Submitted by: Jeanie
Atlas of Union County Indiana.
J. H. Beers & Co. Chicago. 1884.
Page 61.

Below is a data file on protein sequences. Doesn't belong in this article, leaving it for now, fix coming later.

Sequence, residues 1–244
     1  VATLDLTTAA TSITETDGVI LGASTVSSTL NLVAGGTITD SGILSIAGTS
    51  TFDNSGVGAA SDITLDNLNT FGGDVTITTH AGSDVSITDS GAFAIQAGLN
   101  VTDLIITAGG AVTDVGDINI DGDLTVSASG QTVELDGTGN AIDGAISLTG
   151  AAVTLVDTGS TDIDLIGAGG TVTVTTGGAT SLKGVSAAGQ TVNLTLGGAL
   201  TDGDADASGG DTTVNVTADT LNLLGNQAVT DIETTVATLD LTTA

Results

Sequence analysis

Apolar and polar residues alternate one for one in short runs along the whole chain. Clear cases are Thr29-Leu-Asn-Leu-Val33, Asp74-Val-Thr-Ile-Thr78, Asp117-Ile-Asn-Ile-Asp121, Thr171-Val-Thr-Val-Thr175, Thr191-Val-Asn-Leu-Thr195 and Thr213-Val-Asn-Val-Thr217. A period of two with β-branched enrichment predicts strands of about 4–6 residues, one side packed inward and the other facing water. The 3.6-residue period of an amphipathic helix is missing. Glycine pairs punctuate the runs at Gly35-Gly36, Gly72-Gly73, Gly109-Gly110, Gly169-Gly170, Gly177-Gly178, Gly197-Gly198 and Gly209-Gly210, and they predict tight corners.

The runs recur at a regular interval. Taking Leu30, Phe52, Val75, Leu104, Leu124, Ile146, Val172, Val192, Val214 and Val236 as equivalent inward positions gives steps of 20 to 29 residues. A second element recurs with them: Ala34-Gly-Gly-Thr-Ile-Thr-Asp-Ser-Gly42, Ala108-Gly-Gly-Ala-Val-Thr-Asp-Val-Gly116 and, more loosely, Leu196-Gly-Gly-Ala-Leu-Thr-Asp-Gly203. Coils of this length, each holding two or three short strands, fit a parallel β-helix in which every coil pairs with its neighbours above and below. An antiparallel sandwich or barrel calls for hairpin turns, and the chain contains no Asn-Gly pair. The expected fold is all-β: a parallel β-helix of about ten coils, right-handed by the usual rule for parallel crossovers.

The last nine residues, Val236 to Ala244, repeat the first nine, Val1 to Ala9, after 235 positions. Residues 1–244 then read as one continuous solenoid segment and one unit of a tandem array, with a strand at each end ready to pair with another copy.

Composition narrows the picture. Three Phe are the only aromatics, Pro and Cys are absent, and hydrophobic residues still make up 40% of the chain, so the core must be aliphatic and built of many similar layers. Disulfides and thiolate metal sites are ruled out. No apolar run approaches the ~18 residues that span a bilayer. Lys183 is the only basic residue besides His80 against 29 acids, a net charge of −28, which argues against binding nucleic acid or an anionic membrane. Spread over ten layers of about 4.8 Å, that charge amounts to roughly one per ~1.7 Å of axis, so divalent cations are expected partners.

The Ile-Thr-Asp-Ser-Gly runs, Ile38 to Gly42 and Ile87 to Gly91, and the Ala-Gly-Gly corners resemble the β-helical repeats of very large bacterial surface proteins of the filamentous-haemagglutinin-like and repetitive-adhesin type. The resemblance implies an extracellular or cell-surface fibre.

John Beard, farmer, is a son of William and Rachel (Pearson) Beard, natives of the State of North Carolina. William Beard was born in Guilford County on the 6th of December, 1787, and in early years learned the potters trade. He was married in his native State, and in the year 1816, with his family, emigrated to what is now Union County, Ind., entering land in Center Township, in which township he passed the remainder of his life. His death occurred October 6, 1873, at the ripe age of eighty six years of well-spent time. He was ever the poor mans friend, and always lent his sympathy to the oppressed. He early imbibed a hatred for the institution of slavery, and as early enlisted in the anti-slavery cause, in which he stood firm and unflinching amid the trials and dangers of the position he had taken, believing that right would ultimately triumph over wrong. With an unwavering confidence in God, he believed His unseen hand would protect him in the right. The fleeing fugitives always found a shelter beneath his roof, where raiment and food were freely given. He, on various occasions, protected and assisted fleeing fugitives, and had so deeply at heart their cause, that much time and considerable money were given by this good man for the education and elevation of the colored race. He was twice chosen as agent to solicit aid for this class in Darke County, Ohio, traveling through the Eastern States for this purpose; was twice selected as agent to go to Canada to distribute clothing among the destitute fugitives, who had reached freedoms soil, making the trip through on horseback, and there met with many he had seen and assisted on their journeys there. Mr. Beard sought Christ in early life, and engaged in His service as a minister of the Gospel, in the Society of Friends, to which he belonged more than a half century, during which time he had no recollection of having disappointed more than one congregation. He also, for a period, practiced medicine, and for a time, after his emigration to Indiana, followed his trade, and subsequently farming. In politics, he was a Whig, and later a Republican. His wife died April 6, 1856. Their children were, Mary, Elizabeth, John, Abical, Sarah, Thomas, Phoebe, Lida, Elihu, William, Hannah and George. Our subject, the third child, was born in Guilford County, N. C., October 15, 1813. He was reared on his fathers farm, with whom he remained until he reached his majority, when he commenced life for himself, following farming, beginning on the farm upon which he now resides, north of Lotus. On the 26th of May, 1836, Mr. Beard was united in marriage with Catharine Dubois, a native of what subsequently became Union County, Ind., born November 12, 1818. To this union were born Delphina, Alexander Oscar, one not named, who died in infancy, Willington, Allen, Alonzo, John (died May 20, 1870) and Elihu. Mr. Beard has followed farming all his life and for a period, in connection with this occupation, he dealt largely in stock, and between the two he has been very successful, having, through his shrewdness, industry and economy, accumulated a large body of land of considerable value, and upon which his children are now comfortably situated, he remaining on the home farm. From December, 1861, to December, 1870, our subject served as County Commissioner with credit to the county and honor to himself. He had instilled in him the principles of his father, and espoused the cause of the down-trodden race, and the principles of the Whig and Republican parties, in defense of which his influence has ever been cast. He at one time assisted, with his father, in the escape of some fugitives, who had permission to attend a quilting at a point opposite the city of Cincinnati. It had been previously planned that they were to be met at Cincinnati by the Beards, and conveyed to a place of safety until they could make good their escape. John Beard met them at Cincinnati with a team, from whence he conveyed them to the house of Joel Haworth, in Union County, during the first night, and on the night following to the house of Levi Coffin, in Wayne County, from which place they were sent to Canada. This circumstance occurred about the year 1840, and the number of fugitives was nine. Mr. Beard is now a minister in the Society of Friends, and using his faculties to the up-building and promotion of her spiritual interests.